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Monday, 29 February 2016

Death Car on the Freeway (1979)

Director: Hal Needham
Stars: Shelley Hack, Frank Gorshin, Peter Graves, Harriet Nelson, Barbara Rush, Dinah Shore, Abe Vigoda, Alfie Wise and George Hamilton
The fourth centennial for me to celebrate in 2016 is that of Dinah Shore, who was a leap year baby, born in Tennessee on 29th February, 1916. She died at 77 in 1994, but technically she only saw 19 birthdays, so she was forever young. Like Jackie Gleason, her name was a major one across multiple media and it’s arguable whether she was better known for music, radio or television. As a vocalist, she was the highest charting female in the 1940s; one of her songs, Buttons and Bows, sat at number one for ten weeks; and Blues in the Night was only her first of nine million sellers. On radio, she starred in seven different series of her own and guested on many others. She had appeared on television as far back as 1937 but gained her own show in 1951 and racked up a string of successes that led to eight Emmies and a Golden Globe. Her film career never took off, ending with Aaron Slick from Punkin Crick in 1952, but she did make more for television, including this odd melding of genres from CBS in 1979.

Its reputation, surely emphasised by its title, is as a thriller, a late TV movie rip-off of Steven Spielberg’s masterful Duel, which was almost eight years old when this was first broadcast. While there are certainly moments of tension on the California freeways, the most suspenseful scene takes place off the road and the film plays out more as a journalist drama than a thriller, albeit one set in television news rather than newspapers. There are points where the picture seems to be attempting serious dramatic points, a long way beyond what might be expected for a TV movie, but none of them are really explored, so it ends up far less substantial than it clearly thinks it is. Shelley Hack’s performance doesn’t help, as this was early in her career and, while she looks cute and lights up well when she smiles, she’s understated and rather careful with her dialogue. She does have her moments, but the new Charlie’s Angel was unable to give Janette Claussen the gravitas she needed to really make the difference that she so aches to make.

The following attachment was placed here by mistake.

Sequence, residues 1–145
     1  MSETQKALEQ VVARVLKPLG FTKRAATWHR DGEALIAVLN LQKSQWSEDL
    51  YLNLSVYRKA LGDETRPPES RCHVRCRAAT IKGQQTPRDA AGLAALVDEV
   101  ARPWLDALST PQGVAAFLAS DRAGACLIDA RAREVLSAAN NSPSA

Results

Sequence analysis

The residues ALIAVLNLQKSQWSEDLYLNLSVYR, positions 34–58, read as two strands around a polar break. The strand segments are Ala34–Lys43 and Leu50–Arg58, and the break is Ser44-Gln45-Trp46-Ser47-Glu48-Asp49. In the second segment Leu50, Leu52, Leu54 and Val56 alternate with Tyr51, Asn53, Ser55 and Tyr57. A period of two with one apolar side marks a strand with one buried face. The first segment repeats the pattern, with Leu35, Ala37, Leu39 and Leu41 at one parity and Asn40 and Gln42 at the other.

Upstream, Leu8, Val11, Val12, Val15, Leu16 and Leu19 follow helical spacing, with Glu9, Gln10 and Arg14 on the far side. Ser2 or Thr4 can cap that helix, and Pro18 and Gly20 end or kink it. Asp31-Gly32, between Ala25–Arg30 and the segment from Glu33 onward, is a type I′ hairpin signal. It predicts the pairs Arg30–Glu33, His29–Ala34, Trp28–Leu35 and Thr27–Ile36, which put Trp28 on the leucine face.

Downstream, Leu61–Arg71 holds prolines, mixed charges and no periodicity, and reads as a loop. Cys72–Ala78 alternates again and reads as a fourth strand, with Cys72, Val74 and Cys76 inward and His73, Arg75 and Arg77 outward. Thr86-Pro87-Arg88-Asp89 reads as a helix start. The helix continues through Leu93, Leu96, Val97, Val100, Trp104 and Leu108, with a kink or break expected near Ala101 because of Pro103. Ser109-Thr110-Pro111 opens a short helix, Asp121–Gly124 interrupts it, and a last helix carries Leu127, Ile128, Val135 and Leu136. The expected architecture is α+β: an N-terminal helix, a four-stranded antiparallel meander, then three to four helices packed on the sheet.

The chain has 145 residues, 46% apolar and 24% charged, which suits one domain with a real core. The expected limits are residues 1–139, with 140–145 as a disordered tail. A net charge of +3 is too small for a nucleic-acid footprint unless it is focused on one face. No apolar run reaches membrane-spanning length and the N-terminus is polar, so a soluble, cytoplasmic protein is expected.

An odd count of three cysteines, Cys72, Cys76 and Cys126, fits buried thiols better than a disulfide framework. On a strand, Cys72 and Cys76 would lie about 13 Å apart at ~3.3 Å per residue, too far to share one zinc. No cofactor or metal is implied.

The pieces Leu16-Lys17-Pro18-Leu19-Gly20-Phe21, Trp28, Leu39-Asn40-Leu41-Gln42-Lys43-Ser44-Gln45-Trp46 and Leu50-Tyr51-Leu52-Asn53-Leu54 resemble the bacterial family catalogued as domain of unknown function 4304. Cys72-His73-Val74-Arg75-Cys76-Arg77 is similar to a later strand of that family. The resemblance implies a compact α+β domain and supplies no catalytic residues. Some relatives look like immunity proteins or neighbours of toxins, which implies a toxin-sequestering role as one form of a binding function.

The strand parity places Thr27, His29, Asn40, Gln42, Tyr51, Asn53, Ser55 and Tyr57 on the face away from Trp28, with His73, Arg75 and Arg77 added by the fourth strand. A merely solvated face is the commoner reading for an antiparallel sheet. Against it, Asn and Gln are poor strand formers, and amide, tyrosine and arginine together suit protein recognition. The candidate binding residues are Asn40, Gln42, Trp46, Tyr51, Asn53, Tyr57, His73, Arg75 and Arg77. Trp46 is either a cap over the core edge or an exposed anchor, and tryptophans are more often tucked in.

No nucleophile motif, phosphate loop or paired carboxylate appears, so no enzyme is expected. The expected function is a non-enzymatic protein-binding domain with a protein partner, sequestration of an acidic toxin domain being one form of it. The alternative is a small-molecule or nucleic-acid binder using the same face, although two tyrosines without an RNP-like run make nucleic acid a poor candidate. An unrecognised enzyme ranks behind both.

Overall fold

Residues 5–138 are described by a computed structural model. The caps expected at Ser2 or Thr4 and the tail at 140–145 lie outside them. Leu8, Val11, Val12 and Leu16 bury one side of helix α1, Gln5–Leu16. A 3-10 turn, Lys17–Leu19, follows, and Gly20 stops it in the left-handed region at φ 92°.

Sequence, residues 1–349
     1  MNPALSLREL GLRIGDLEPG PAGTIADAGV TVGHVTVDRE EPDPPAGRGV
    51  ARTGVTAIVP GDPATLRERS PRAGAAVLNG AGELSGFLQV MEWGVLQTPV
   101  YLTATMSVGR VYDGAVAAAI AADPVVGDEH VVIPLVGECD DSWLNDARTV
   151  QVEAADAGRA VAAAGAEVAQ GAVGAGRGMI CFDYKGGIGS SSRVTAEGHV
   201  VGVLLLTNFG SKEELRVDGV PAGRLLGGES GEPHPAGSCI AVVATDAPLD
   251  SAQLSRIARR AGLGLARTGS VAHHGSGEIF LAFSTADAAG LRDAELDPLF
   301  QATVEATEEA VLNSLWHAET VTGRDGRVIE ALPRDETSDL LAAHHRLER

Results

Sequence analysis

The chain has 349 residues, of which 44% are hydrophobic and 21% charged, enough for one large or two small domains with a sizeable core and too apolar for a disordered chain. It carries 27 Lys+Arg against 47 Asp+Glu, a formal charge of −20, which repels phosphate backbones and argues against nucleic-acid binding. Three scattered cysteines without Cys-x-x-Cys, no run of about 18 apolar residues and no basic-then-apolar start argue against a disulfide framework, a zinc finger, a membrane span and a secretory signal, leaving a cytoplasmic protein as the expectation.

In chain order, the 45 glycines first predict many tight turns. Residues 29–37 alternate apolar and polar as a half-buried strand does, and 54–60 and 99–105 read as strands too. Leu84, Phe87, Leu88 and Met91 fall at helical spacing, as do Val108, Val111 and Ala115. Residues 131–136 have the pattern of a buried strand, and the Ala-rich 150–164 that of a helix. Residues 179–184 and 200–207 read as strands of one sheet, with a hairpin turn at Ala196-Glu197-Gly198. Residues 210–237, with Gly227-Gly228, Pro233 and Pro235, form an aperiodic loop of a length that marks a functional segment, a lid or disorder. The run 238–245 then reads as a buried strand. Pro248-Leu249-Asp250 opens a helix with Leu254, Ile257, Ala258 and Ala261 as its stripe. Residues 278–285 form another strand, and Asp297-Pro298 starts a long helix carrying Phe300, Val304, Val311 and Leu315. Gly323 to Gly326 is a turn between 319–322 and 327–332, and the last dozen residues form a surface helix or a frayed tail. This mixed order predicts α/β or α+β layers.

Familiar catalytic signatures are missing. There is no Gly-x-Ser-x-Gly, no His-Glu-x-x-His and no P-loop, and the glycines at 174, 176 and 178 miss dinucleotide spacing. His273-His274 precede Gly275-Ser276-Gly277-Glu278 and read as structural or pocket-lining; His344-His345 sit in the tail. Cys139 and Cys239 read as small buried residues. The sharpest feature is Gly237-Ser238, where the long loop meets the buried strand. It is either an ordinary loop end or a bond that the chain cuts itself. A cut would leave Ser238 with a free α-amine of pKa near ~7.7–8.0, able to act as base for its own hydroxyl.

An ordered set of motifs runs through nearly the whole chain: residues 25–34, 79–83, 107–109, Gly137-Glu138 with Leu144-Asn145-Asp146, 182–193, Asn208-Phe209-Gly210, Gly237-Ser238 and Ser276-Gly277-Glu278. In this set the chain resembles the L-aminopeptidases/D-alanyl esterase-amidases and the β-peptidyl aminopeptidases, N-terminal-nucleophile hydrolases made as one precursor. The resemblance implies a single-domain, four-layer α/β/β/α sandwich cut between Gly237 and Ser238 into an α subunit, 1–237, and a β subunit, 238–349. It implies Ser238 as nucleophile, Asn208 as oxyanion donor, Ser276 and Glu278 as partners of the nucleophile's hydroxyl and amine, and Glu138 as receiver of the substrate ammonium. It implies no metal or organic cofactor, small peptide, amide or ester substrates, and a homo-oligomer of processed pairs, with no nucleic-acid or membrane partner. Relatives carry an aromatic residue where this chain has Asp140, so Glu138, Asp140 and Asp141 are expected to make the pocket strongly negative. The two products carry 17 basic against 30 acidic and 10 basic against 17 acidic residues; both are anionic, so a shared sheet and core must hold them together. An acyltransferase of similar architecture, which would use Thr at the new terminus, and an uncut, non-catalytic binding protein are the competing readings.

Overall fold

When the story begins, she’s an up and coming news anchor at KXLA, but she’s still new to the business and very green. In fact, she seems a little too green for someone hired out of college by an experienced newsman, Ray Jeffries, who mentored her and married her. They’ve been divorced for a few months, but he’s still after her, both romantically and professionally. She’s polite and plays along, but she needed out from under his reputation, wanting to establish herself on air rather than just as his writer. She manages it too, discovering a possible link between two separate cases of apparent road rage, investigating them and building the story as it grows. Jeffries brings her flowers on the night that her ratings exceed his for the first time, but he’s too much of a male chauvinist pig to mean it. While Hack isn’t emotional enough, her character does get plenty of emotion out of her ex, played unsympathetically by a suitably smarmy George Hamilton. I may not have been entirely on her side, but I certainly wasn’t on his!

The news story is the thriller angle and we’re thrown into it immediately after the opening credits. Becky Lyons is driving to Van Nuys to be the first victim on an episode of Barnaby Jones. Instead she becomes the second victim of a driver with apparent anger issues. After cutting in front of a blue van to make her exit, its driver wipes down his steering wheel, pulls on gloves and puts on a bluegrass eight track tape to accompany his quest to run her off the road. He blocks her exit, attempts to bounce her into a collision and, eventually, shoves her little yellow Honda hard enough to leave it hanging over the guard rail of a bridge. Jan’s co-workers are cynical, one highlighting that the girl was in showbiz and probably wouldn’t ever get a better chance at fame than her on air interview at the scene, but Jan connects the incident to an earlier news report her ex had covered of a tennis pro, Dinah Shore’s character, who had experienced almost exactly the same thing. The cops don’t buy it yet but we’re now chasing the Freeway Fiddler.